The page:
Jumping toward nationals Juneau Jumpers to strut their stuff Saturday

Posted: Friday, April 15, 2005

A whirling dervish of spinning rope and quick feet, the Juneau Jumpers jump-rope team will show off their moves this weekend.

The Jumpers will perform their final exhibition of the season Saturday at Dzantik'i Heeni Middle School. Saturday's shows kicks off at 5:30 p.m.

"It's a time for the kids to take the skills they learned all year and put them into a performance like when you have a recital with notes on a piano," Jumpers coach Paula Kalbrener said. "When you learn something, you want to showoff."

The Juneau Jumpers consist of 54 members ranging fromsecond graders to seniors in high school.

They compete in shows affiliated with the United States Amateur Jump Rope Federation and will send a cadre of 16 athletes to the U.S. Jump Rope National Age Division Championships held June 24-26 in Orlando, Fla. Athletes qualified for nationals after competing in March's regional competition held in Juneau.

"It's very strenuous," Kalbrener said. "It's a really good activity. It's a good sport that helps you with other sports. You work with your hand-eye coordination, where your body is in relation to your feet and space, what your eyes are doing, keeping on beat."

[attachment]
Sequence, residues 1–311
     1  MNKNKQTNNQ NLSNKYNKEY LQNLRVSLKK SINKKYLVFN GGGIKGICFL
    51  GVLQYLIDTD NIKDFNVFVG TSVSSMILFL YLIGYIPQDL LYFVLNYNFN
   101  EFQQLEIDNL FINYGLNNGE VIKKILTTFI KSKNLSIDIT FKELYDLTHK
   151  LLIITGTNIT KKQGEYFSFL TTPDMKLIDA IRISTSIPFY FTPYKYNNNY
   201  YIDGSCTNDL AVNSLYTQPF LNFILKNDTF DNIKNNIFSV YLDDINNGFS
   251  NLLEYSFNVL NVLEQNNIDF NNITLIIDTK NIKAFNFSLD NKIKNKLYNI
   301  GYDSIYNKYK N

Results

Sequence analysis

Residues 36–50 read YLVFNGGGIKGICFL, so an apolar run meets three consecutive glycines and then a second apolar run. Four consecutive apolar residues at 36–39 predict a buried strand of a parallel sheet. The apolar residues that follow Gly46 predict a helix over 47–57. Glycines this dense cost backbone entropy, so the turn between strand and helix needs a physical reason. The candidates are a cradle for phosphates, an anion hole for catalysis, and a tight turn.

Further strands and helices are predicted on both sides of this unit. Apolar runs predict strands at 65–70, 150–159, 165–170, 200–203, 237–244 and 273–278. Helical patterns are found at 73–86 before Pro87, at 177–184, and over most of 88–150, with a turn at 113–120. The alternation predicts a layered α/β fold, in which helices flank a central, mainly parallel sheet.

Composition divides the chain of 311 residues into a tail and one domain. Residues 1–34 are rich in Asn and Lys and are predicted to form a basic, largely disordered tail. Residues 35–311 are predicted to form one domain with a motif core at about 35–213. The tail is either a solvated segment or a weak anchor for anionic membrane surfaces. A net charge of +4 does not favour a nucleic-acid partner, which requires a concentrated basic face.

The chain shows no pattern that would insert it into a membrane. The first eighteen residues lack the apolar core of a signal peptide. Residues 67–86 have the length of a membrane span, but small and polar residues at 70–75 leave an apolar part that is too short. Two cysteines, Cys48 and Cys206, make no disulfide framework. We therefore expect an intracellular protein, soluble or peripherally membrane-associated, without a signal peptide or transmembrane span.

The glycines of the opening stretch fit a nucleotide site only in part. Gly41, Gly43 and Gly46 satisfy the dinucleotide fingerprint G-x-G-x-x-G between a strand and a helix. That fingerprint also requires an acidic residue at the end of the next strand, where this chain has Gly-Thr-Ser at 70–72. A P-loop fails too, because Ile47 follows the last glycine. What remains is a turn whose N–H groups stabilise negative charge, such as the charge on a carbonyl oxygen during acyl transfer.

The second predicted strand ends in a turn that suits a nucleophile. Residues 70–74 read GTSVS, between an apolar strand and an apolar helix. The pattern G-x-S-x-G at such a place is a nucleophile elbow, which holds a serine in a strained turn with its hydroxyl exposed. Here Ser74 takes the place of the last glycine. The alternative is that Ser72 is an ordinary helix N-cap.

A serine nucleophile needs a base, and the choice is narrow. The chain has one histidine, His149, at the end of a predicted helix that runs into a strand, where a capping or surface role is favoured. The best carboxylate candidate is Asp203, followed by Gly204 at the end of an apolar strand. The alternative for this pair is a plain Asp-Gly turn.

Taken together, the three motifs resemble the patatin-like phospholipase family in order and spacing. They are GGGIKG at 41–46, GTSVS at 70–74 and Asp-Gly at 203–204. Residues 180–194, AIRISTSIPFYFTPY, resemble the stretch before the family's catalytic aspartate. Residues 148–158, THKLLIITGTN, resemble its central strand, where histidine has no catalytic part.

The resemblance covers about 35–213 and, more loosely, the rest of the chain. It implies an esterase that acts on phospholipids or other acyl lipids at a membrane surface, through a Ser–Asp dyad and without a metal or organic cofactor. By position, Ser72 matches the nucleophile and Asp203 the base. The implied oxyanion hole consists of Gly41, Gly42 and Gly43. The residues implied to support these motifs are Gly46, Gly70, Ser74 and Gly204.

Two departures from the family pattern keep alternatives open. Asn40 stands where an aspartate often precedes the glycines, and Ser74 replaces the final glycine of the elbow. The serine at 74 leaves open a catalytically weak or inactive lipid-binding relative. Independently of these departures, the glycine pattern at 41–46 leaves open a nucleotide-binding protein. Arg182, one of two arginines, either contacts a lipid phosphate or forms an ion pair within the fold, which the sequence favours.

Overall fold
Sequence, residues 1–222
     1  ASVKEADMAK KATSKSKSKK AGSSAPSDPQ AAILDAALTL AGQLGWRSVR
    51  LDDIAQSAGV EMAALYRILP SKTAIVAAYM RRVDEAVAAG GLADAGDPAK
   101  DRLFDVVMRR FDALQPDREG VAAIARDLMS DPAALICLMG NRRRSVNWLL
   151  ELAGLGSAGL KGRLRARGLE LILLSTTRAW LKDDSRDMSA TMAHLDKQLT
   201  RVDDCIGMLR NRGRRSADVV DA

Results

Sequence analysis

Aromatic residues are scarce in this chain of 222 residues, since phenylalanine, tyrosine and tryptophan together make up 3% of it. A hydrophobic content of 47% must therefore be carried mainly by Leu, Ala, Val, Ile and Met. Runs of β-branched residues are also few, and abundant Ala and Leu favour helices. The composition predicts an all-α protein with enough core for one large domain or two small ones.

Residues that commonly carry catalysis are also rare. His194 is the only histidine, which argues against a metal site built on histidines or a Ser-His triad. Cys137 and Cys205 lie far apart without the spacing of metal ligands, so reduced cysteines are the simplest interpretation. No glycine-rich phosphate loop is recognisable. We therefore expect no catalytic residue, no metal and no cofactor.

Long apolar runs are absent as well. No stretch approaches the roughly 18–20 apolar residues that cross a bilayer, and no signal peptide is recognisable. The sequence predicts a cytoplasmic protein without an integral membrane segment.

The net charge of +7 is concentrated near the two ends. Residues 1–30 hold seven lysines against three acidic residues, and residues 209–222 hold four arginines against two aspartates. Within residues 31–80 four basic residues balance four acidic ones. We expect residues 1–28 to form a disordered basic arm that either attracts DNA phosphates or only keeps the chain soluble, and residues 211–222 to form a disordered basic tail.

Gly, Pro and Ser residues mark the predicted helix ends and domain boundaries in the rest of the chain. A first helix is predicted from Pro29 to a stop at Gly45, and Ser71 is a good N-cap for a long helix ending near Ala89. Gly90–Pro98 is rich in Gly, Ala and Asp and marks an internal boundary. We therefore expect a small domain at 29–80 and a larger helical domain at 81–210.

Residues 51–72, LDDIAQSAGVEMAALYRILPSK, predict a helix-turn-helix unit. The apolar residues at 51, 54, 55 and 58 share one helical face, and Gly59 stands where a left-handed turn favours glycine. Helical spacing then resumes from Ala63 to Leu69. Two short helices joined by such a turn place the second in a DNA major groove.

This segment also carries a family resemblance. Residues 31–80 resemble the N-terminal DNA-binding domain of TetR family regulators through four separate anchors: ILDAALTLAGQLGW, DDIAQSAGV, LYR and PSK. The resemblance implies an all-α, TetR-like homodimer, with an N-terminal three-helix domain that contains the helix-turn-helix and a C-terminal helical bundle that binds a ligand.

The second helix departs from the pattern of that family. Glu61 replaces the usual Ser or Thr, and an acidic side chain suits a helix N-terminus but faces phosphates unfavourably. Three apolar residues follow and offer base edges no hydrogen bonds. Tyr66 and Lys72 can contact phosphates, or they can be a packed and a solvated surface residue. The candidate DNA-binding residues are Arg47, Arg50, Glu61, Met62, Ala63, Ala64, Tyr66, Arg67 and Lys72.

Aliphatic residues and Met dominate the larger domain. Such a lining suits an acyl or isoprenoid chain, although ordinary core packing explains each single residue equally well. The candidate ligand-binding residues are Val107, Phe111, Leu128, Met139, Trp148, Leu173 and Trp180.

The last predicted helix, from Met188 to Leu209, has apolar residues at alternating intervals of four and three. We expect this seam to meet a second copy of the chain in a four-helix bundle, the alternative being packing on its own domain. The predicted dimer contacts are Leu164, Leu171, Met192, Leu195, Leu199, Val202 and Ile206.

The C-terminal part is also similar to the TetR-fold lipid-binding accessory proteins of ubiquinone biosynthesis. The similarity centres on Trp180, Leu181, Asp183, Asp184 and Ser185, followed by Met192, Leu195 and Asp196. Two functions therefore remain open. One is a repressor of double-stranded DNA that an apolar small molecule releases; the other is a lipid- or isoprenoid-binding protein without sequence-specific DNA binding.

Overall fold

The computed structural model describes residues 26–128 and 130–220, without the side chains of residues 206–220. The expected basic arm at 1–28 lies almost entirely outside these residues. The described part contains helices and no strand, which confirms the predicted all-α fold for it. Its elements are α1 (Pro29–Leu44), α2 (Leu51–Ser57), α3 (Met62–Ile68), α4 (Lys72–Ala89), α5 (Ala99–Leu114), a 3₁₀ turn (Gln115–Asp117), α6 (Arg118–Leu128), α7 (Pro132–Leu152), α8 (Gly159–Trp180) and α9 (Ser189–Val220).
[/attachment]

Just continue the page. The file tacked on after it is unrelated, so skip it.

Jump rope competitions are highly organized events that go far beyond the school-yard or a prizefighter working out in the gym.

Jumpers are judged on speed and power both individually and in groups. Athletes must be able not only to jump one or two ropes at the same time, but to do it quickly and in different variations.

The result is a high-octane exhibition of precision and athleticism.

"I think it's a great sport and one of the most fun sports to coach," said assistant coach Randy Quinto. "I've coached baseball, football and track and jump rope has been the most fun."

The team carries eight coaches and many of the high school athletes serve as mentors to the smaller children.

Saturday's exhibition serves as the year-end finale for the elementary school kids and allows the older, most experienced athletes to see how their pupils picked up the routines.

"I think it's fun for them to see the time and effort they put in out there on the floor," Kalbrener said. "I think that's really rewarding for them. I think they really believe in their sport and to see it going on and on with a new generation is nice to see. They want the sport to keep going."

After Saturday's show, those who qualified for nationals will intensify their training in preparation for June's championships.

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